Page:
Ontario’s Personal Health Information Protection Act (“PHIPA”) came into force on November 1, 2004.
The Information and Privacy Commissioner of Ontario (“IPC”) is given authority to enforce PHIPA. This update will review the IPC orders issued to date. These orders have dealt with situations where personal health information (“PHI”) has been inappropriately disclosed. The resulting orders set out the IPC’s expectations on what health information custodians (“HIC”s) must do to comply with PHIPA.
Order HO-001 – October 31, 2005
In this situation, the IPC was alerted by a newspaper that health records were strewn across a Toronto street as part of a film shoot. Investigation revealed that the records came from a radiology clinic. The clinic provided records to a disposal company for shredding. In error, some boxes were marked for recycling instead of shredding, and were passed on to a recycling company. The recycling company then sold the records to a film company for use as scrap paper as a prop on a film set.
The IPC’s order highlights the requirements for secure disposal of PHI:
“I further Order the Toronto Clinic to put in place a written contractual agreement with any agent it retains to dispose of personal health information records. The agreement must set out the obligation for secure disposal and require the agent to provide written confirmation through an attestation once secure disposal has been conducted. Secure disposal must consist of permanently destroying paper records by irreversible shredding or pulverizing, thus making them unreadable. Further, steps must be taken to ensure that no unauthorized person will have access to the personal health information between the time the records leave the health information custodian’s custody until their actual destruction” (p.24).
Order HO-002 – July 31, 2006
The second order followed a complaint by a patient that her health information had been accessed by a hospital employee, who was the girlfriend of the patient’s exhusband, and then disclosed to him. Prior to receiving treatment, the patient advised that she did not wish her ex-husband or his girlfriend to know that she was in hospital or to access her information, but the hospital had not taken any additional steps to protect her information until after the patient complained that her records had been inappropriately accessed. Investigation revealed that, even after the complaint, the records were still accessed inappropriately on three further occasions.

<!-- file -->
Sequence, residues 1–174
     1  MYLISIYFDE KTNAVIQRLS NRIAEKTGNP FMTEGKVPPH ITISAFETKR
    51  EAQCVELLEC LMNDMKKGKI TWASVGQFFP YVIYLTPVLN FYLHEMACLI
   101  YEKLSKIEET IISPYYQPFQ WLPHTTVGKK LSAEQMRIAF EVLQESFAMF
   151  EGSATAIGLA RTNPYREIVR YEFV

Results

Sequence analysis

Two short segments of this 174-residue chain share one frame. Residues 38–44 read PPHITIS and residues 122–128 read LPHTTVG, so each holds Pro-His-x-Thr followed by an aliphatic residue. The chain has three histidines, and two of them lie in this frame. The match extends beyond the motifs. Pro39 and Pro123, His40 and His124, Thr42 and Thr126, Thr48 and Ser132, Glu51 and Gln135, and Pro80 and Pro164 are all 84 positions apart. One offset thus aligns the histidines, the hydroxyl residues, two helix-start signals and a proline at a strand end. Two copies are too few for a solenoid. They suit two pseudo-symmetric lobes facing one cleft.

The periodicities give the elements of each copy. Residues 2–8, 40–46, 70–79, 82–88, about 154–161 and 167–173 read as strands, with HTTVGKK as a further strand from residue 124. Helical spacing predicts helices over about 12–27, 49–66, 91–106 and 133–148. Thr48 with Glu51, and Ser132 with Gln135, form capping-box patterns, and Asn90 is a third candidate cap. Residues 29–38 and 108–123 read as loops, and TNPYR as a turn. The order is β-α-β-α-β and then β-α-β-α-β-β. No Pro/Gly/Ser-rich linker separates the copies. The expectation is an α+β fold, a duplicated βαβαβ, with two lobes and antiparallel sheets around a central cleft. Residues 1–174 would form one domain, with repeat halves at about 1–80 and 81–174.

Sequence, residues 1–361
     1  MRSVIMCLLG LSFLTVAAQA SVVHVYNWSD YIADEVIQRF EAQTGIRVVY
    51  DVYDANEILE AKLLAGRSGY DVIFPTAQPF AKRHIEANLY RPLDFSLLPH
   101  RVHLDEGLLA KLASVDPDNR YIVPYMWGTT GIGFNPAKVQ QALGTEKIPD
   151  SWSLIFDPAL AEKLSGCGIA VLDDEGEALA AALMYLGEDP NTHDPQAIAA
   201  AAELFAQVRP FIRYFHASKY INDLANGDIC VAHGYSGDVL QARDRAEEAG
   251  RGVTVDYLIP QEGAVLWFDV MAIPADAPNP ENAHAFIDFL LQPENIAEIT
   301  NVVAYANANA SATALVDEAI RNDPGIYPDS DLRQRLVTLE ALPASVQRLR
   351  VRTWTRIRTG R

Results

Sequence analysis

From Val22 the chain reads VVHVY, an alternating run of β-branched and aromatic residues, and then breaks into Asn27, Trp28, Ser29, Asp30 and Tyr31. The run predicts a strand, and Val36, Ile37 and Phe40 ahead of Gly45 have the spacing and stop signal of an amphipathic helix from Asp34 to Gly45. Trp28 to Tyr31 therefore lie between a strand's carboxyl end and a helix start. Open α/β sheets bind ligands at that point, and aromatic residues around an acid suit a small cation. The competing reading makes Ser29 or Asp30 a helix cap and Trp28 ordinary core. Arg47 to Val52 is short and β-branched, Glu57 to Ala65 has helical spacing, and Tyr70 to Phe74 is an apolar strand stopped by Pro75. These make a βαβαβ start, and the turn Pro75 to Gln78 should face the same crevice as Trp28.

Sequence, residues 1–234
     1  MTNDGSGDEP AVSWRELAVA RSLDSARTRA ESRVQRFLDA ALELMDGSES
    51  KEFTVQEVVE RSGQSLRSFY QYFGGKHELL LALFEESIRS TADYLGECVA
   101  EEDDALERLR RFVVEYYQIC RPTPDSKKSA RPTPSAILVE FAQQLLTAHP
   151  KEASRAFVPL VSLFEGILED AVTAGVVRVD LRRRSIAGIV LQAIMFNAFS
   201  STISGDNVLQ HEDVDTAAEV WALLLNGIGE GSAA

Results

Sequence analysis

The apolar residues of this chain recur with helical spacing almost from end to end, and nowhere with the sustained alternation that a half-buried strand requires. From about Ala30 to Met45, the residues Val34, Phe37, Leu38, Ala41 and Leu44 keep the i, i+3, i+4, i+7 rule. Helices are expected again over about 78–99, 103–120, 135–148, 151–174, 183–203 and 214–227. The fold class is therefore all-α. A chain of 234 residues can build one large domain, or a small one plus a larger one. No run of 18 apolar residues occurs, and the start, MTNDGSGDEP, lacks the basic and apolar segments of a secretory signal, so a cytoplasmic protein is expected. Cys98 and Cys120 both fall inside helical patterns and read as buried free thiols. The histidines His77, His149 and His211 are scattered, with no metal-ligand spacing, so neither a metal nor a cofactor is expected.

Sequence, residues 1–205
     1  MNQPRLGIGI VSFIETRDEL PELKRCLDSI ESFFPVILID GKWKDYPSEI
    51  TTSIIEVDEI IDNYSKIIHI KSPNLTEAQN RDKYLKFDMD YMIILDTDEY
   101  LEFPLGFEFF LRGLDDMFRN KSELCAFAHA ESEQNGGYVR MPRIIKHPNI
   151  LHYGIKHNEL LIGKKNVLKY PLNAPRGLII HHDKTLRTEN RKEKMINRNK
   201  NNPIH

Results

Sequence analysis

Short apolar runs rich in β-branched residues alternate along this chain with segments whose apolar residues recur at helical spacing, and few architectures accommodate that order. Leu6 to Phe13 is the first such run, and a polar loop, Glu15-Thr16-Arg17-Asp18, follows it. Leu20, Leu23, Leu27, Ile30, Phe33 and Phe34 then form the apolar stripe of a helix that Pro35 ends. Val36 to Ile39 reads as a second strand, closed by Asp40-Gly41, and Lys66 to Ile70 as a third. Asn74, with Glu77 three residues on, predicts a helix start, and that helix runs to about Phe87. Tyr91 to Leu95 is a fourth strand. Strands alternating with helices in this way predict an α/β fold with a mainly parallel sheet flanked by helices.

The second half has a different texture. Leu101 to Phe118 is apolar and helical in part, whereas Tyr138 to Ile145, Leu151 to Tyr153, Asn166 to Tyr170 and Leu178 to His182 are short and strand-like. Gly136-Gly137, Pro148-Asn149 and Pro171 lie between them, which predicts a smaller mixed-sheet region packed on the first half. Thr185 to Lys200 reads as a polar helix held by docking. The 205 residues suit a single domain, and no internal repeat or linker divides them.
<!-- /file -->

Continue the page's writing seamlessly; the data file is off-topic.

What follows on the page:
The IPC’s order emphasizes the “culture of privacy” necessary in health care – “Unless policies are inter-woven into the fabric of a hospital’s day-to-day operations, they will not work. Hospitals must ensure that they not only educate their staff about PHIPA and information policies and practices implemented by the hospital, but must also ensure that privacy becomes embedded into their institutional culture” (p.19). Access to PHI needs to be limited to those who need to know it in the performance of their duties. It is unacceptable for unauthorised parties to be looking at a patient’s information.
The IPC found that the hospital did not take reasonable steps to protect the information. It should have taken steps upon first being advised of the patient’s concerns and further immediate steps once the patient complained.
Order HO-003 – December 11, 2006
In this case, the IPC was notified that a medical clinic had closed, abandoned its offices and left behind boxes of medical records.
The IPC was very critical of the company that operated the centre:
“In the present case, unbelievably, records of personal health information were simply abandoned when the practice in question ceased its operations. This situation is both regrettable and unacceptable; worse, it could easily have been avoided. The custodian’s failure to adequately notify individuals when the practice ceased operation and to ensure that all records of personal health information were retained, transferred or disposed of in a secure manner demonstrated a flagrant disregard for the privacy rights of the individuals to whom the records related.” (p.15)
The company was ordered to retain, transfer or dispose of the records in question in a secure manner.
Order HO-004 – March 9, 2007
This decision relates to the theft of a laptop containing PHI for 2,900 patients. A researcher had taken the laptop home to analyze research data there. His van was broken into and the laptop stolen. The only security measure on the laptop was a login password.